When Brad Boston came on-board Cisco a year ago, he was most surprised by the lack of paperwork. At the San Jose (Calif.) networking giant, most of the purchasing and sales contracts are completed electronically. In fact, in the past year, the 48-year-old Boston has signed only three documents: His offer letter, his tax return, and a contract with a Cisco supplier that insisted on having a hard copy. Boston's job is to keep it that way. And now he's pushing even deeper into the all-electronic future.
Since the 1990s, Cisco has led the way in online selling of routers used to direct traffic within communications networks. But after so many years in e-business, Boston discovered that most of Cisco's online product information was outdated. Of about 30,000 pages he found on its Web site, 29,300 were irrelevant, he says.
Boston also noticed that Cisco's customer-order data didn't update quickly enough. When sales reps dipped into a database to check an order's status, they didn't always get the most current information. Boston knew that wouldn't cut it anymore and went to work. After all, "the way we run our business, the Web is the key to everything," he says.
THE NEXT FRONTIER. Boston and his team have been cleaning up some of the junk found on the site manually. Eventually, "we'll be able to guarantee that all the information employees and customers are looking at is most relevant," he says.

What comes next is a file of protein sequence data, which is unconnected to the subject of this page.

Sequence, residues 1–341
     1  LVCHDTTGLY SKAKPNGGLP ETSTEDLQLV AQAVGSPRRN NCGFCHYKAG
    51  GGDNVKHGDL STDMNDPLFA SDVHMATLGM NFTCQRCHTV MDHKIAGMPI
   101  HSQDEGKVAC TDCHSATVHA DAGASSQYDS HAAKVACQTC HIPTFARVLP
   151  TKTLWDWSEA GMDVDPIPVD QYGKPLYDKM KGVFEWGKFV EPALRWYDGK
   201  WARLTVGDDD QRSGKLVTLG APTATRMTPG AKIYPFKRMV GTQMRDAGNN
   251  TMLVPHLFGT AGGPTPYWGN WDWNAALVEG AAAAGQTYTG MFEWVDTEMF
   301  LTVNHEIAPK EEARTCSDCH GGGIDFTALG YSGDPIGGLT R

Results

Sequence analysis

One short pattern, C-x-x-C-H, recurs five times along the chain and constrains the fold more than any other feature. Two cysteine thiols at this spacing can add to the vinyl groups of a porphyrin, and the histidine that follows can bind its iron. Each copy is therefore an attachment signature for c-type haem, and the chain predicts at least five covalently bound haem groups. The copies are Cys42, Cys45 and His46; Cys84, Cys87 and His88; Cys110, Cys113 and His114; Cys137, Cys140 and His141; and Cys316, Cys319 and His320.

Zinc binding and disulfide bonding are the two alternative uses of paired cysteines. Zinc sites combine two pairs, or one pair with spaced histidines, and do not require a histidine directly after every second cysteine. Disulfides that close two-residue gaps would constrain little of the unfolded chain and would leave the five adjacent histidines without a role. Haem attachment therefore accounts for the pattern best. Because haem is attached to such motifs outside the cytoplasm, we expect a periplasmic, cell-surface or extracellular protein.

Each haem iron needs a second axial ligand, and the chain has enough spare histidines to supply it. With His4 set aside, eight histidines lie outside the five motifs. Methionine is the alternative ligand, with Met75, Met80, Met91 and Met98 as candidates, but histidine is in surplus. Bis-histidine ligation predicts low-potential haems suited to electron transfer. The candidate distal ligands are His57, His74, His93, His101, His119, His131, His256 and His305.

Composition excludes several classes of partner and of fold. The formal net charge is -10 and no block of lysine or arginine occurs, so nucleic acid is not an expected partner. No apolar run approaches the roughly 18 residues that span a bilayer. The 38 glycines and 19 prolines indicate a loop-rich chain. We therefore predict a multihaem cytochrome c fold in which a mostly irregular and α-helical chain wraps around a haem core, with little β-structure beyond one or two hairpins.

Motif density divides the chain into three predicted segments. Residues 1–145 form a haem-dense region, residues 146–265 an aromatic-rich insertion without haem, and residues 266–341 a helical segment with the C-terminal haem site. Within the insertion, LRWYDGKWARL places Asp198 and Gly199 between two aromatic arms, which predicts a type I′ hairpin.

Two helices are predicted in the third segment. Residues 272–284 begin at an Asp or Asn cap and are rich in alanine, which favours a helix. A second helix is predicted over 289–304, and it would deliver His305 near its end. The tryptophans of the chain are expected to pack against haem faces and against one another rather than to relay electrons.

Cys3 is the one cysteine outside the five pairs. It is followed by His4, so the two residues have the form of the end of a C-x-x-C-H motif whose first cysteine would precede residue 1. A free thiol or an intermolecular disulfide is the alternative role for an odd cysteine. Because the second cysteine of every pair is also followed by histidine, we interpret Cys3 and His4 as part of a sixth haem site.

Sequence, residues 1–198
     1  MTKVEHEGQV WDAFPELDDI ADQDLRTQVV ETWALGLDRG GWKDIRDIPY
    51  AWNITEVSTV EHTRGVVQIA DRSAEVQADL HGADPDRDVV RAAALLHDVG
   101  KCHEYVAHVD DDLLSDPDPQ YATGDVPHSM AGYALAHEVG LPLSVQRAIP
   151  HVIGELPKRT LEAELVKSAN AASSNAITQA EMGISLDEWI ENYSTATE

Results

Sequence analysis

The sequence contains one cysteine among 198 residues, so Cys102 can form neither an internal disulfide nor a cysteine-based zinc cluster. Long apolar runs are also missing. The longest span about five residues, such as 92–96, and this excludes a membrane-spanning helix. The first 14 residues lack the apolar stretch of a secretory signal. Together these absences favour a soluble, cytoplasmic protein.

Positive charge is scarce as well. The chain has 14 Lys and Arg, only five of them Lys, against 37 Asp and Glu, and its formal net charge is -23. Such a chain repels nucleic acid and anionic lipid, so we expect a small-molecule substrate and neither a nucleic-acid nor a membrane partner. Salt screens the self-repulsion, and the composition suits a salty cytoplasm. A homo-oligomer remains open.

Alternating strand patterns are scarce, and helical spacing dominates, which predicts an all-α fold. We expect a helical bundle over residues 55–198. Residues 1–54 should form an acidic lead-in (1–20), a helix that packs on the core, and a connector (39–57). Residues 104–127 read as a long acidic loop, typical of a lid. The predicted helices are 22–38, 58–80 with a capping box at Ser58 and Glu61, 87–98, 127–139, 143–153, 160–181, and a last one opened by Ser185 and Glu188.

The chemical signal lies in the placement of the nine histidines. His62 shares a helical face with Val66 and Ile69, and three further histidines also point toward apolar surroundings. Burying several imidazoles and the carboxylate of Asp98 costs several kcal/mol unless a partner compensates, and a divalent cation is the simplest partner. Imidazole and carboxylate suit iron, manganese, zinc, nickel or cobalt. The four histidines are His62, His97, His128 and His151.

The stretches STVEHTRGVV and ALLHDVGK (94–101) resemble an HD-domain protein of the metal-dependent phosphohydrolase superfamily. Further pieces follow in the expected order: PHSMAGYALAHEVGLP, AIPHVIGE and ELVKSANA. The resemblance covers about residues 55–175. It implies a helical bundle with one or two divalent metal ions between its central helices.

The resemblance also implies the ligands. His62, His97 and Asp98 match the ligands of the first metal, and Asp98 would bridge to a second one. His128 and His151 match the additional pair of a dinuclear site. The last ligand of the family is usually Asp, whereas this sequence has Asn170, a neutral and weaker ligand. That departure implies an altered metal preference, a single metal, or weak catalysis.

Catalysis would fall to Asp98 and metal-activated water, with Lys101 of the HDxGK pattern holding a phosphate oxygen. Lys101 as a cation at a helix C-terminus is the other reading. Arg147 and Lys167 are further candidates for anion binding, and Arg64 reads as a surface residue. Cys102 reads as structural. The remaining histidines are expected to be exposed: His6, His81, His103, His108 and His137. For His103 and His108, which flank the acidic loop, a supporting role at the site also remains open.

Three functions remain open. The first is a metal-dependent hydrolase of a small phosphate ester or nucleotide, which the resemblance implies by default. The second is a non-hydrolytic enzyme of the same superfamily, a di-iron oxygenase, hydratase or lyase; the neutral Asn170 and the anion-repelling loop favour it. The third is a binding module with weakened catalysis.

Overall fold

He's also trying to cut Cisco's procurement costs by encouraging suppliers worldwide to do business electronically. Cisco already completes more than 90% of its procurement online, and it recently added European suppliers to the electronic ranks. The next frontier is Middle East and Asia.
"[People at Cisco] have long talked about this Internet stuff and how it can change your business, and they actually use it," says Jim Slaby, an analyst with tech consultancy Giga Information Group.
The CIO is also encouraging Cisco's customers in Asia to buy their products online. Today about 10% of total bookings come from the region, but most of the sales have to be completed over the phone or in person. Since language is generally the chief obstacle, Cisco is developing an electronic translator -- it already has a prototype -- that would automatically convert its Web pages from English into Japanese, Korean, or Chinese.
Another project keeping Boston busy is a redesign of Cisco's site, to be launched this fall, that offers easier navigation. "We're not at a loss for ideas," Boston says. "There's still a lot for us to do." By Olga Kharif in Portland, Ore.